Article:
- Ask for Help – When I first found out I had cancer, I reached out to a friend who had also gone through her own cancer journey and the one thing she said to me was don’t be afraid to ask for help. At the time I thought, no problem. I do this anyway but I later found out, I actually didn’t. What is it about asking for help that is so difficult? It could be a feeling of weakness or admitting you are not capable. Maybe it’s a feeling of guilt or not wanting to feel like a burden. Whatever it is, it’s important to let go of that story and reach out. Whether that be to talk through your feelings or getting physical assistance with household chores, asking for help can provide a new perspective, relieve tension and set a course for a practice in humility.
- Find Your Support Network – Being surrounded by people who love and support you is critical. I know my journey would have been that much more difficult if I wasn’t surrounded by loved ones. And, my support network grew to others as well, such as therapists and other cancer survivors.
- Accept that Change is a Part of Life – Letting go of what was and accepting what is was difficult but very important. You can’t change the fact that highly stressful events happen, but you can change how you interpret and respond to these events.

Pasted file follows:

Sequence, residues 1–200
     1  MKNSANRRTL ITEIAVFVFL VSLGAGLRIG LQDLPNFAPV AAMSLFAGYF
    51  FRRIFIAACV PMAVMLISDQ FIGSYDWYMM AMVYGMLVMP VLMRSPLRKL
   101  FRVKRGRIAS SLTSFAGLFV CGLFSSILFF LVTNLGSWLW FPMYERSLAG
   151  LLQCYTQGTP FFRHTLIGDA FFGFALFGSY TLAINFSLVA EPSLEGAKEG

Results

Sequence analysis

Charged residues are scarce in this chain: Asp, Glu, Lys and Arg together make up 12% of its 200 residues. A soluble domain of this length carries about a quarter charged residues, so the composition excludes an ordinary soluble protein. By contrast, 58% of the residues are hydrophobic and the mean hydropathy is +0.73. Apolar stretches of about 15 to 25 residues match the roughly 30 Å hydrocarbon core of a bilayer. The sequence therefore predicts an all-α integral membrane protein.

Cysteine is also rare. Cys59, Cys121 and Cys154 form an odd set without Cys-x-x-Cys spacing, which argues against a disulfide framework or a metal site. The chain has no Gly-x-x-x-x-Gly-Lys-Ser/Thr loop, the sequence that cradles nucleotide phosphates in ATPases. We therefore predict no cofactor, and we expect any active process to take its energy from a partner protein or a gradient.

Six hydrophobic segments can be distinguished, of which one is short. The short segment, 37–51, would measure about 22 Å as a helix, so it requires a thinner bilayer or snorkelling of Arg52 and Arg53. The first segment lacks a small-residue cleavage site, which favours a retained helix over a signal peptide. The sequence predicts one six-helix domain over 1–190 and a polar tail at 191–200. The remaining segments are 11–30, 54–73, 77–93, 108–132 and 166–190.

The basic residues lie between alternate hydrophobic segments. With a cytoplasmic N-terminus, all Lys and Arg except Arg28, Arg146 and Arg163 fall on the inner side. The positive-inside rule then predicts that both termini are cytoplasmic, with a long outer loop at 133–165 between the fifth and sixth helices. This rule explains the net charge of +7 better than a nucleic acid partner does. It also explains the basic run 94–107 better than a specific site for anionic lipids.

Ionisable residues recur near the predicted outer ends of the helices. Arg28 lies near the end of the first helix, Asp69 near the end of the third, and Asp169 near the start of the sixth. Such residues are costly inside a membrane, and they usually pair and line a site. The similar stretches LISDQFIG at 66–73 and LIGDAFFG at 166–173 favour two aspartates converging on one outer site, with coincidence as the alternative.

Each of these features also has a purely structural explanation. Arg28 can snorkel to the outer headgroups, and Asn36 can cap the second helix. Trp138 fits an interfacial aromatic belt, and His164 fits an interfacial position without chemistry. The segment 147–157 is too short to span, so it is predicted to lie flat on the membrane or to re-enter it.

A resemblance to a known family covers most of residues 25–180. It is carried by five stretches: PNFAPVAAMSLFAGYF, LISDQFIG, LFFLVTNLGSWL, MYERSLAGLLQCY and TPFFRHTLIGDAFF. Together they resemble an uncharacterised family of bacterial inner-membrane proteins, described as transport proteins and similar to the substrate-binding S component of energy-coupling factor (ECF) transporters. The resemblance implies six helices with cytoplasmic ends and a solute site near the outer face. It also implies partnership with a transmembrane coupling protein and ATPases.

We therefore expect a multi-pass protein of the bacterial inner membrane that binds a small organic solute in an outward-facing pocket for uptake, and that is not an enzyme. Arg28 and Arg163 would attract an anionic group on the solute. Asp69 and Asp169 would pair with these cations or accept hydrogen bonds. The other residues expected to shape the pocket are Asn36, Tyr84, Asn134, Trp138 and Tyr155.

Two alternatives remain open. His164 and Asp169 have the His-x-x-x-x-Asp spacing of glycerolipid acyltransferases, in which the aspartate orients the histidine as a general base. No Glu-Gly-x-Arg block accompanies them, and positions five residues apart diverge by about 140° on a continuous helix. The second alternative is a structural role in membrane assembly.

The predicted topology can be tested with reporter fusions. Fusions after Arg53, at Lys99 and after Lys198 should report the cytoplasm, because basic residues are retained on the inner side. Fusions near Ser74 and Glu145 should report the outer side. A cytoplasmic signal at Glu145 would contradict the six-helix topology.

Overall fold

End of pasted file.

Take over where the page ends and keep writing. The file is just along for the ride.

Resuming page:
- Move Towards Your Goals – One of the most helpful exercises my coach had me do was develop some realistic goals. To do something regularly — even if it seems like a small accomplishment — that enables you to move toward your goals. Instead of focusing on tasks that seem unachievable, ask yourself, “What’s one thing I know I can accomplish today that helps me move in the direction I want to go?
- Be Grateful – In times of despair, its easy to be negative, angry and resentful. And as difficult as my journey was (and is), I tried to remain grateful for all the wonderful things I had. Establishing a daily practice of gratitude was extremely helpful in shifting my perspective and mood and allowed me to look beyond the present moment.
As difficult as this journey has been, I’m choosing to use this experience to deepen the learning about myself. I know I have grown in ways that I probably would not have experienced without this detour. And while my life is forever changed, I am truly grateful for everything I have gained, especially my heightened appreciation for life.
Rather than being paralyzed by life changing situations, I invite you to take action. Whether you are experiencing job loss, loss of a loved one, or your own health challenges, one step at a time is all it takes to let the breaking point strengthen your resilience and launch you into enlightenment. If I can be of any assistance, please contact me.